Once the restorers got into the crumbling structure and took a hard look at its condition, it was apparent that more than one wall needed fixing. The church was built before electricity, plumbing and central heating were options. A foundation was never laid because that’s not how structures were built more than 170 years ago. Buttresses were in desperate need of replacing. The church’s exterior needed to be strengthened. The choir loft needed to be rebuilt. Fortunately, the original fixtures inside the church were not damaged, and the beautiful Stations of the Cross were all spared.
While working in the rafters, Rael spotted the name of one of his grandfather’s relatives beautifully scribed on a viga. Soon, workers were finding other names and initials of laborers who in 1899 covered the original latillas and mud roof.
In less than a year, two new walls went up under the supervision of foreman Mark Sideris.
The local staff of the Questa Ranger District of the Carson National Forest directed volunteers to a tall Douglas fir that needed to be removed from one of their campsites. This timber helped rebuild the choir loft.
The restoration’s art focus in 2015 was on Marcus Rael, a local stained glass artist, deacon and descendant of one of Questa’s founding families. For him, the project mirrored the structure’s renovation — keeping with tradition but adding improvements. His inspiration for new designs on many of the windows came from old santos and retablos he found during a pilgrimage he walks every year. During a stop in Córdova, some beautiful images caught his eye. They were small but dramatic pieces. They gave him a vision.
“I thought we should do what these guys did, but just bigger,” Marcus Rael told The Taos News in May 2015.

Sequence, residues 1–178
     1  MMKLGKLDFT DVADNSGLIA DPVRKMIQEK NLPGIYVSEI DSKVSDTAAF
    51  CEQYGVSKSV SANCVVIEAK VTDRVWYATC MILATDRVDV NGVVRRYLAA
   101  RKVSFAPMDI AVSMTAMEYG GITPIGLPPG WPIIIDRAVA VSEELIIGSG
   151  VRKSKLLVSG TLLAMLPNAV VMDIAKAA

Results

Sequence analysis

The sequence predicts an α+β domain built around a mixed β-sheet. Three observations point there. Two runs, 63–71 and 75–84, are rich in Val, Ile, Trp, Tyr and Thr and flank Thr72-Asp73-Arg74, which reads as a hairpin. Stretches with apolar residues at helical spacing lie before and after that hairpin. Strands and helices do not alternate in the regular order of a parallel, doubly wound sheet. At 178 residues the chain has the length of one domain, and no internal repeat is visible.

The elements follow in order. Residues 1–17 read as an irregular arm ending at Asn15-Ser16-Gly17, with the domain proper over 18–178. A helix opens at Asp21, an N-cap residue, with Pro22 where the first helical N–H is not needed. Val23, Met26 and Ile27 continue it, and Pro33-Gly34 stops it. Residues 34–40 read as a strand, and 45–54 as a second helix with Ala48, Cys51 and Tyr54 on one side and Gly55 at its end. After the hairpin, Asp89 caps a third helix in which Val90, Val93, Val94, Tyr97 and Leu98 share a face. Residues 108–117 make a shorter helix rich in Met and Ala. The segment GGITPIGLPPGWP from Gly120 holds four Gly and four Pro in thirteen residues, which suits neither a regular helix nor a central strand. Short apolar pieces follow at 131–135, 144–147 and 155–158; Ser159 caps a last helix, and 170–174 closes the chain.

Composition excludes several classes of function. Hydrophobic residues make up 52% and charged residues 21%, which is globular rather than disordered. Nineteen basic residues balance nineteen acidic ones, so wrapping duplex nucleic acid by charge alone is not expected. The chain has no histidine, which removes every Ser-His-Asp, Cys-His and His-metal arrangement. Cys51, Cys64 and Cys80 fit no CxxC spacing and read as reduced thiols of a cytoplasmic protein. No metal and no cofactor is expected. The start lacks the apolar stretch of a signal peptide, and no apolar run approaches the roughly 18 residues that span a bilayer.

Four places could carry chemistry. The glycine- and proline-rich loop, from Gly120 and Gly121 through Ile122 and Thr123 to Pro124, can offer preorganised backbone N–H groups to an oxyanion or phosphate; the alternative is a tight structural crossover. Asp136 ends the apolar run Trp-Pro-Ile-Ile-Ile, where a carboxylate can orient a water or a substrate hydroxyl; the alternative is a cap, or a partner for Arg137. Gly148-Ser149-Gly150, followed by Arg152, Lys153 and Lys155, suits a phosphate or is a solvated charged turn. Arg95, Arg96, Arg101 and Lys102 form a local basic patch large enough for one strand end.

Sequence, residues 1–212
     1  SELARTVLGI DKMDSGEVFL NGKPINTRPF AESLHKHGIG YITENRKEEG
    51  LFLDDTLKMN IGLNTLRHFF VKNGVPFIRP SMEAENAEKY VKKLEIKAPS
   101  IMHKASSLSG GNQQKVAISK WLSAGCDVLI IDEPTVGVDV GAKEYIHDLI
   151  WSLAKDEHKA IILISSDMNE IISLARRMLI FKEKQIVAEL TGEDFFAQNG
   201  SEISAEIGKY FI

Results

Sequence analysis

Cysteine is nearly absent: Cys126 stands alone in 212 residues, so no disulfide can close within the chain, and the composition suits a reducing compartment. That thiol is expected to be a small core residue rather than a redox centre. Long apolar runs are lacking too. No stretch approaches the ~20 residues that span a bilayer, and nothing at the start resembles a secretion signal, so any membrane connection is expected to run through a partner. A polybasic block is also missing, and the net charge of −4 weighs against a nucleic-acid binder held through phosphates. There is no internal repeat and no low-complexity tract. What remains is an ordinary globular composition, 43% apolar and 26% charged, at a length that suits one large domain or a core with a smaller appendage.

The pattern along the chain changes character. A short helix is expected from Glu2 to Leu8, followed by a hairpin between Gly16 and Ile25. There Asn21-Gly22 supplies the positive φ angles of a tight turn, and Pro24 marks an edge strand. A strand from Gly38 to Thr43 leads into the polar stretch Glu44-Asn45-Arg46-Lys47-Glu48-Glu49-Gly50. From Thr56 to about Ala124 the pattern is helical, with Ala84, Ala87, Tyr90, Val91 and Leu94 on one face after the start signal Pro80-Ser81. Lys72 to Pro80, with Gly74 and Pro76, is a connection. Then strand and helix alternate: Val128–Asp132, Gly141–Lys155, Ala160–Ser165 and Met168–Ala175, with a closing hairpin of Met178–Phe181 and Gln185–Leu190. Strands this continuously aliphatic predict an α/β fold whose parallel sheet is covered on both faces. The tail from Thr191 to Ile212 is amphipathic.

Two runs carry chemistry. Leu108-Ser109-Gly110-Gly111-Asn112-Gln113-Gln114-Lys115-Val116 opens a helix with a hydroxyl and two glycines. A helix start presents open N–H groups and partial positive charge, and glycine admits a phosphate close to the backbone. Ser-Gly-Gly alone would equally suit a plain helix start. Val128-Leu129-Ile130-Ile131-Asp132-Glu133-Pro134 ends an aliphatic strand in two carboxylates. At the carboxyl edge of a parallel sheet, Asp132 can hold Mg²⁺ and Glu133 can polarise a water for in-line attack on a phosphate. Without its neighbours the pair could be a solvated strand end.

Volunteers then began sketching designs for four windows on the church’s west and east sides. San Antonio, the church’s patron saint, is portrayed in one window. The other windows represent Our Lady of Guadalupe, San Ysidro and the Christ child.
A few new windows were added, giving the structure’s original design a little facelift. The windows are finished with a patina of copper sulfate, which gives them an older look, in keeping with the plan of new yet not shiny. Volunteer Paul Lacombe created one of the new windows, which is circular, measures about 5 feet, features a dove and is surrounded by an oak frame. It now adorns the church entrance. Another new window was placed over the altar after parishioners expressed how much they loved the streaks of sunlight streaming into the building during the renovation. This window illustrates the resurrection of Christ.
40,000 volunteer hours
Volunteers from Questa, Taos County and even Colorado descended on the church every week over approximately five years. Many of the volunteer laborers — or “workaholics” as Malaquais Rael and Sideris call them — were retired. Some 20 to 50 ready, willing and able hands came to the church during any given week. Volunteer hours reached more than 40,000. “People come from all over,” Sideris beamed during the restoration in 2015. “They find the joy of being here.”
No contractors had a role in the reconstruction. Sideris and friends liked it that way. “That’s the neatest part — not hiring a contractor,” Malaquais Rael stated. “It takes a little longer [with volunteers only], but the work is much more meaningful.”
On Aug. 14, 2016, San Antonio del Río Colorado Church was rededicated during a heavily attended noon Mass led by the Most Rev. John C. Webster, archbishop of Santa Fe. Funds for the ceremony were partially provided by the Northern Río Grande National Heritage Area. Again, volunteers and parishioners rose up to fill the gaps.
Malaquais Rael, with almost a song in his voice, recalls, “That was a great day for me. It was a high-emotion day — such a joyful day. It felt good to know that we were persistent enough to start and finish. Our word was on the line and we lived up to it.”
With leftover funds, volunteers put down about 4,000 new bricks in the courtyard. In May the outside stucco color coat was finished and new flagstone planters were added in the courtyard. This summer, a $15,000 bronze sculpture of St. Anthony — created by artist Huberto Maestas of San Luis, Colorado, and purchased with funds raised by parishioners — was also placed in the church’s courtyard.
People who visit the church will be struck by a clear sense of history and by the unwavering faith and the undying devotion of a small Northern New Mexico community.